Sex Offender Registration In Oregon

People convicted in Oregon of certain sex crimes must register with the state as sex offenders. The registration is with the Oregon State Police.

Why does Oregon require sex offenders to register?

The theory is that sex offenders are more likely to engage in recidivism (to be repeat offenders), and therefore their location in the community is important to track.

What Offenses Require Sex Offender Registration In Oregon?

Anyone convicted of a sex crime must register as a sex offender. “Sex crime” means:

  • Rape in any degree;
  • Sodomy in any degree;
  • Unlawful sexual penetration in any degree;
  • Sexual abuse in any degree;
  • Incest with a child victim;
  • Using a child in a display of sexually explicit conduct;
  • Encouraging child sexual abuse in any degree;
  • Transporting child pornography into the state;
  • Paying for viewing a child’s sexually explicit conduct;
  • Compelling prostitution;
  • Promoting prostitution;
  • Kidnapping in the first degree if the victim was under 18 years of age;
  • Contributing to the sexual delinquency of a minor;
  • Sexual misconduct if the offender is at least 18 years of age;
  • Possession of materials depicting sexually explicit conduct of a child in the first degree;
  • Kidnapping in the second degree if the victim was under 18 years of age, except by a parent or by a person found to be within the jurisdiction of the juvenile court;
  • Online sexual corruption of a child in any degree if the offender reasonably believed the child to be more than five years younger than the offender;
  • Luring a minor, if: (A) The offender reasonably believed the minor or, in the case of a police officer or agent of a police officer posing as a minor, the purported minor to be more than five years younger than the offender or under 16 years of age; and (B) The court designates in the judgment that the offense is a sex crime;
  • Sexual assault of an animal;
  • Public indecency or private indecency, if the person has a prior conviction for a crime listed in this subsection;
  • Trafficking in persons as described in ORS 163.266 (1)(b) or (c);
  • Purchasing sex with a minor if the court designates the offense as a sex crime pursuant to ORS 163.413 (3)(d), or the offense is the defendant’s second or subsequent conviction under ORS 163.413 (3)(b)(B);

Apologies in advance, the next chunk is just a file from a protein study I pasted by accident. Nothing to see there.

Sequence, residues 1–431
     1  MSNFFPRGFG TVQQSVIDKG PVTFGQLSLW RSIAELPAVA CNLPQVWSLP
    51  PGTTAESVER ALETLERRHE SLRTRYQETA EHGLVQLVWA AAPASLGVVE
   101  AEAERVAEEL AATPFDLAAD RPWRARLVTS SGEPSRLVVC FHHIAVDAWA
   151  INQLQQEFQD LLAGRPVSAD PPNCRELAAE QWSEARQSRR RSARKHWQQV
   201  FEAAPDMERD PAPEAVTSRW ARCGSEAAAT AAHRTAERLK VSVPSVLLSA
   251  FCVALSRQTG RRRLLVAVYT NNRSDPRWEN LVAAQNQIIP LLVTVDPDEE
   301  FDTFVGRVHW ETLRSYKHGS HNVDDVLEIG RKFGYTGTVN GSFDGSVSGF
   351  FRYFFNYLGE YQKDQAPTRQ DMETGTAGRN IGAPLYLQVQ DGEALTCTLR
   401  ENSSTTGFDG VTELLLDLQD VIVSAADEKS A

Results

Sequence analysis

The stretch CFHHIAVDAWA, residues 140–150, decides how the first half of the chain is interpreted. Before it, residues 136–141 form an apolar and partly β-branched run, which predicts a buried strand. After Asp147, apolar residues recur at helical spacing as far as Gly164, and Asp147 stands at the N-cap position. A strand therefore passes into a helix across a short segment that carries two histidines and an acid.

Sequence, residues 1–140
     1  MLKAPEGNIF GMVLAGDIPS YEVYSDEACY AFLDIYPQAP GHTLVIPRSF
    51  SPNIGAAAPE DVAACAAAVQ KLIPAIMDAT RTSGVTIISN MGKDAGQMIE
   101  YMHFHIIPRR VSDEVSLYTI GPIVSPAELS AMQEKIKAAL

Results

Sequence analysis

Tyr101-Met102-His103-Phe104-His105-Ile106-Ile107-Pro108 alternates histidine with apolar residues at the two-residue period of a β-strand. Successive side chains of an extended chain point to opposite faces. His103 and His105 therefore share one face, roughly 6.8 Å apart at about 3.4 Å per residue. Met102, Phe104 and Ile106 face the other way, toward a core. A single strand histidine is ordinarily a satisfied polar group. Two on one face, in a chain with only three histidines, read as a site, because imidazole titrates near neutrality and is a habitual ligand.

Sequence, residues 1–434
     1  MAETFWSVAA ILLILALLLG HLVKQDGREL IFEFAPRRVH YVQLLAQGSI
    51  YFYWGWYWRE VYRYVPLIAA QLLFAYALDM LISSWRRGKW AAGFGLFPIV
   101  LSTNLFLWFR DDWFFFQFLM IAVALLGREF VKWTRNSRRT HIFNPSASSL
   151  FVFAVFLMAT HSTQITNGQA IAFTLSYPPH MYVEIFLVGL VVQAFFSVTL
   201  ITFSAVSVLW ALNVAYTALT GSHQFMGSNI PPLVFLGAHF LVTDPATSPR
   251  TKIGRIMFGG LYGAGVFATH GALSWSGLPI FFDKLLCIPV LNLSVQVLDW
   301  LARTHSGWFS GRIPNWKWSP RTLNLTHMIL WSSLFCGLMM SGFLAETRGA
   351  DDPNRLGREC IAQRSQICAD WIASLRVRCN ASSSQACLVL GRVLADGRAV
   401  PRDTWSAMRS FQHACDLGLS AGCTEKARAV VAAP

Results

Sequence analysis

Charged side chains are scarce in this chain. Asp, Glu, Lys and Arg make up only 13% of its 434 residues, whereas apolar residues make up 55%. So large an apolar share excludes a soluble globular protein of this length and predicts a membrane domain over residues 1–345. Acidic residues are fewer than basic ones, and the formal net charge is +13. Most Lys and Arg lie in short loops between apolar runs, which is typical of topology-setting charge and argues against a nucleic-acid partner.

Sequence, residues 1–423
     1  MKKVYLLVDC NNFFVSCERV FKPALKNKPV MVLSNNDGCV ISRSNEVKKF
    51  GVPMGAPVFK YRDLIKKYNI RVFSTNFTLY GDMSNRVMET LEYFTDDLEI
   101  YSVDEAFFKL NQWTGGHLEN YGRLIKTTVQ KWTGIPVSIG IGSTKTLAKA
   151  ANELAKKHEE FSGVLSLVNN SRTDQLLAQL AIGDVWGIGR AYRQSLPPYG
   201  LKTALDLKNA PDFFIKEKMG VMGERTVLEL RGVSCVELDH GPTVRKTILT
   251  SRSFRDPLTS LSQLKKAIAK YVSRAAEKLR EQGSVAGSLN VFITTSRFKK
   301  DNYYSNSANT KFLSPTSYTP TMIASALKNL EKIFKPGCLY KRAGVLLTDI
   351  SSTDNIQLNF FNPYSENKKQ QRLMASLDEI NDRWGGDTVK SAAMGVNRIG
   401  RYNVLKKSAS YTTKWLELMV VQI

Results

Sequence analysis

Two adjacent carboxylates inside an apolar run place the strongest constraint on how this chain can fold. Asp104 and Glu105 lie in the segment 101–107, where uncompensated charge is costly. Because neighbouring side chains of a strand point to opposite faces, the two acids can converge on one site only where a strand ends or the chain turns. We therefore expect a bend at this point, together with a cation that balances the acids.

• Invasion of personal privacy in the first degree, if the court designates the offense as a sex crime pursuant to ORS 163.701 (3);
  • Any attempt to commit any of the crimes listed in paragraphs (a) to (w) of this subsection;
  • Burglary, when committed with intent to commit any of the offenses listed in paragraphs (a) to (w) of this subsection; or
  • Criminal conspiracy if the offender agrees with one or more persons to engage in or cause the performance of an offense listed in paragraphs (a) to (w) of this subsection.

How do I get off the sex offender registry in Oregon?

Certain offenses require a lifetime registration. Other select offenses allow for potential removal from the sex offender registration requirement.

ORS 163A.140 states that, “A person otherwise required to report under ORS 163A.010, 163A.015, 163A.020 or 163A.025 is not required to report, and if currently reporting is no longer required to report, if… [t]he person has been convicted of”:

  • Rape in the third degree as defined in ORS 163.355;
  • Sodomy in the third degree as defined in ORS 163.385;
  • Sexual abuse in the third degree as defined in ORS 163.415;
  • Sexual abuse in the second degree as defined in ORS 163.425;
  • Contributing to the sexual delinquency of a minor as defined in ORS 163.435;
  • Sexual misconduct as defined in ORS 163.445; or
  • An attempt to commit an offense listed above, or a conviction based on a finding of guilty except for insanity of an offense listed above.

Relief may also be available if:

  • The person has been found to be within the jurisdiction of the juvenile court for having committed an act that if committed by an adult would constitute an offense listed in paragraph (a)(A), (B) or (D) of this subsection; or the person is paroled to this state under ORS 144.610 after being convicted in another United States court of a crime that would constitute an offense listed in paragraph (a) of this subsection; or
  • The person is less than five years older than the victim, the victim’s lack of consent was due solely to incapacity to consent by reason of being less than a specified age, the victim was at least 14 years of age at the time of the offense or act, the defendant hasn’t been convicted of any other sex crimes, and the court enters an order relieving the person of the requirement to report under ORS 163A.145 or 163A.150.”
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